Salvador Dalí: Invisible Afghan (1938)

Oil on panel – Private collection

Spanish surrealist Salvador Dalí employed the Paranoiac-critical method to paint Invisible Afghan. The method, which Dalí developed, enabled him to enter a “paranoid” state, altering his perception of reality to gain inspiration for art.  He often referred to his paintings as “hand painted dream photographs.”

In this work, Dalí uses optical illusion to embed several images within images, a technique he used often.  Images above create at least four different scenes: people siting beside rocks on a beach with an island on the horizon, a face staring at the viewer, a bowl filled with fruit, and a barely visible Afghan Hound standing upright.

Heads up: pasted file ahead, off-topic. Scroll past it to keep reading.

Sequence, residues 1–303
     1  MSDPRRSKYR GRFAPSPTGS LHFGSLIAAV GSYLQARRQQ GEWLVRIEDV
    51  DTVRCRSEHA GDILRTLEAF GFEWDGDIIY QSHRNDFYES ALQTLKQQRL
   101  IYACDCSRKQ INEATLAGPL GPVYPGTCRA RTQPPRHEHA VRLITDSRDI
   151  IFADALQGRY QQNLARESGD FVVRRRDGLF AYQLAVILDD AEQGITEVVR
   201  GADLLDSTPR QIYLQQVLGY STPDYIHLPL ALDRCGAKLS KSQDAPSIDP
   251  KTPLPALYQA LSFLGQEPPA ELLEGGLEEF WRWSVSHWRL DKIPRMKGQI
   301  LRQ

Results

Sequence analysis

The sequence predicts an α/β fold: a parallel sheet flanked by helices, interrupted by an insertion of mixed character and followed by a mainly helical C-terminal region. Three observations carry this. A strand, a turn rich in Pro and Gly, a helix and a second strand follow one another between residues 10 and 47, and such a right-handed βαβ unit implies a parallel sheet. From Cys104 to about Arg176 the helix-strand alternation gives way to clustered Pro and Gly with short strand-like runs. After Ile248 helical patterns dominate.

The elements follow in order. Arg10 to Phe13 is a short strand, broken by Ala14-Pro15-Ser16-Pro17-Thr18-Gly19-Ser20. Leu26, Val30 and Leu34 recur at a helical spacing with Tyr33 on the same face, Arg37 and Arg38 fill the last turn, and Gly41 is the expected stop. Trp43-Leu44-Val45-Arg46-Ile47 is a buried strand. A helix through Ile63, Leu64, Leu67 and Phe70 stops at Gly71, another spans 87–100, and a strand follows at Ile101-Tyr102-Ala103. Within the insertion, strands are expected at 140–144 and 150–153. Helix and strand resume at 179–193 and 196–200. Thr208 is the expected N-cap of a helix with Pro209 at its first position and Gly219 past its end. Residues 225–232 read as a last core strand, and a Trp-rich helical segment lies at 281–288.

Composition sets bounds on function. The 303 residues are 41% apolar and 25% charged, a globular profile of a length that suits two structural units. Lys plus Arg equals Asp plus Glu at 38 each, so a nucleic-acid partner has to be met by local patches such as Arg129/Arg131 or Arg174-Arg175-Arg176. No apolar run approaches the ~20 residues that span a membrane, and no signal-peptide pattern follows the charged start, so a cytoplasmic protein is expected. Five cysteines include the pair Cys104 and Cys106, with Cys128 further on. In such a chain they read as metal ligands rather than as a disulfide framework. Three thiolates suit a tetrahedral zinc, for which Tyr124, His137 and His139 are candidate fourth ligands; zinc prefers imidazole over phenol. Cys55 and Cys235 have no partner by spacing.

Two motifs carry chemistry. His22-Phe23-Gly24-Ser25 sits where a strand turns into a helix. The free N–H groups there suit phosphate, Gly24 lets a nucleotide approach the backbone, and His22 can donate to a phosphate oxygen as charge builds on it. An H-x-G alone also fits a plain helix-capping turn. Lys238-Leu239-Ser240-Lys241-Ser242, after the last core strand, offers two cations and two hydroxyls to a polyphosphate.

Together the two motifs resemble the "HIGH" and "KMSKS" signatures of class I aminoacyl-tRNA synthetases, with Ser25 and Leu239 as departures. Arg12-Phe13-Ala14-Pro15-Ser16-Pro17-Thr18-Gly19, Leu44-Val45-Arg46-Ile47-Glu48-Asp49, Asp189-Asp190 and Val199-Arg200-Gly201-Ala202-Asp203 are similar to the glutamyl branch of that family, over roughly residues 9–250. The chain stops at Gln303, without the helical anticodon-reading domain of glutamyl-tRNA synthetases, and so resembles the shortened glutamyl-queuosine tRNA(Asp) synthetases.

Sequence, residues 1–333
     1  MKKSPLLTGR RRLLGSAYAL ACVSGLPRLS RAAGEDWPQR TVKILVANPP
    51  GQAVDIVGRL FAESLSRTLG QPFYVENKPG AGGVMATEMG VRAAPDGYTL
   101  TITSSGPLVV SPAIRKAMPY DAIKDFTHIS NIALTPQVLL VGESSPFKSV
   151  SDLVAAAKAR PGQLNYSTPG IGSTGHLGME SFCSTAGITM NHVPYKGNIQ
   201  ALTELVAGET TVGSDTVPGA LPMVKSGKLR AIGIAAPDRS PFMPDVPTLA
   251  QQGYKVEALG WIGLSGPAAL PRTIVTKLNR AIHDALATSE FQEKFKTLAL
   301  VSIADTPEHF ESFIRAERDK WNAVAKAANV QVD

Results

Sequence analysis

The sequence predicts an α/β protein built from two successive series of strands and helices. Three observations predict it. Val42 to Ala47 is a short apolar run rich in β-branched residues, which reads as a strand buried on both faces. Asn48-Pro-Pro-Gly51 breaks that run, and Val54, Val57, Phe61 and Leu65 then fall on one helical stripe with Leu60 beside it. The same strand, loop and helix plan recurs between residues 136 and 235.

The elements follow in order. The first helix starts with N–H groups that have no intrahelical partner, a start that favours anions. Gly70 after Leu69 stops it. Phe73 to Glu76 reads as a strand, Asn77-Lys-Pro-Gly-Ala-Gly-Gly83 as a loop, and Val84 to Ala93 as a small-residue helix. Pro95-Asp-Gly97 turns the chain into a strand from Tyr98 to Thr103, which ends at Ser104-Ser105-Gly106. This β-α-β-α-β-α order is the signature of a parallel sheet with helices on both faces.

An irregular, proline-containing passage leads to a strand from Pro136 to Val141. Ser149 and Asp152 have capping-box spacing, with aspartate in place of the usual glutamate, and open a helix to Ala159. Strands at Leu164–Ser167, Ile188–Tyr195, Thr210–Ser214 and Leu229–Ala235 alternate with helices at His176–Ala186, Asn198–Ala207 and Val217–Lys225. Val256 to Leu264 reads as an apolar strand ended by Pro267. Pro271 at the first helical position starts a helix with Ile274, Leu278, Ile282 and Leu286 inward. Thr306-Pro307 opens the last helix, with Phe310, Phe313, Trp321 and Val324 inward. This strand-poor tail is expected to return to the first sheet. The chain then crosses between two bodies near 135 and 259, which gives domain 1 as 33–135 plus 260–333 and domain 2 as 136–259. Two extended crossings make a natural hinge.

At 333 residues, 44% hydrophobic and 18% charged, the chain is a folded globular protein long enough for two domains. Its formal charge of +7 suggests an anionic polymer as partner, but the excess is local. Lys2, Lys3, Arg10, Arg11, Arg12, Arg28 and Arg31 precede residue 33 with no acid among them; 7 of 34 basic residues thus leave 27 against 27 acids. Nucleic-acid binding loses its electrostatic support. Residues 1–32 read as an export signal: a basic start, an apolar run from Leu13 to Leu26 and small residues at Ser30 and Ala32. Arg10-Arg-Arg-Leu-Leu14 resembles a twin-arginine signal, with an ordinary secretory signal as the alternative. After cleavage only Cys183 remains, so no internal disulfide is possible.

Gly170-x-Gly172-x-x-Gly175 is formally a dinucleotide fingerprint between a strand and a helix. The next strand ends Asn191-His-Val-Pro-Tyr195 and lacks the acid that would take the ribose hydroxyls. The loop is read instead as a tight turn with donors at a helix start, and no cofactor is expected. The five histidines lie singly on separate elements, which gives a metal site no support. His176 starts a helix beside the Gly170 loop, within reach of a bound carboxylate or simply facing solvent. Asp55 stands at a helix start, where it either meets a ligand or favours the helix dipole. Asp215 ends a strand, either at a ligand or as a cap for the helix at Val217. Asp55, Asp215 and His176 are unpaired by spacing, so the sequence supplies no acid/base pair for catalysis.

The full title of the work takes in all of these views: Invisible Afghan with the Apparition on the Beach of the Face of Garcia Lorca in the Form of a Fruit Dish with Three Figs.  “The Face of Garcia Lorca” refers to Federico García Lorca, a famous poet and friend of Dalí who died during the Spanish Civil War in 1936.  Dalí completed the work two years thereafter at the height of his popularity.  That year, Dalí met his lifelong idol Sigmund Freud, whose psychology influenced many of his works.  It was two years removed from Dalí’s appearance on the cover of Time Magazine and seven years after he completed his most well known piece, the iconic Persistence of Memory.

 

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